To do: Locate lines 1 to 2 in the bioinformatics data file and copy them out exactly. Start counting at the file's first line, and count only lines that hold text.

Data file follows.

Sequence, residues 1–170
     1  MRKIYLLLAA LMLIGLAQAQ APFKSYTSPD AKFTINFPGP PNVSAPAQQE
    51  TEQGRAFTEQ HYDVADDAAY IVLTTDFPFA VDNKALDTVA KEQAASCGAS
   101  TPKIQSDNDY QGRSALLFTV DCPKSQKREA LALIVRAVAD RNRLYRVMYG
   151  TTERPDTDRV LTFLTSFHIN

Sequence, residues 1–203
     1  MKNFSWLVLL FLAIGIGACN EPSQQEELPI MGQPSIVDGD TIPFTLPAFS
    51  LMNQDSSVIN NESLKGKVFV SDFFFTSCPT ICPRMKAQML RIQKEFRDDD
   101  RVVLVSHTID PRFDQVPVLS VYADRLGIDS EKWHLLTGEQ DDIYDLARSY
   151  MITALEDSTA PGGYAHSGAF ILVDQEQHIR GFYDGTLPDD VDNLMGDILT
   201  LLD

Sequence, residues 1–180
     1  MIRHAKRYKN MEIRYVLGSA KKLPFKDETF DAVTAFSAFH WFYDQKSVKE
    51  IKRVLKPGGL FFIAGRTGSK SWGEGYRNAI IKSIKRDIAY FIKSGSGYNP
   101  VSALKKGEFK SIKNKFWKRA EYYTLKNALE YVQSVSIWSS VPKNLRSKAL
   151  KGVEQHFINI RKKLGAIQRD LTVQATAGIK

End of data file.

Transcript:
Sequence, residues 1–170
     1  MRKIYLLLAA LMLIGLAQAQ APFKSYTSPD AKFTINFPGP PNVSAPAQQE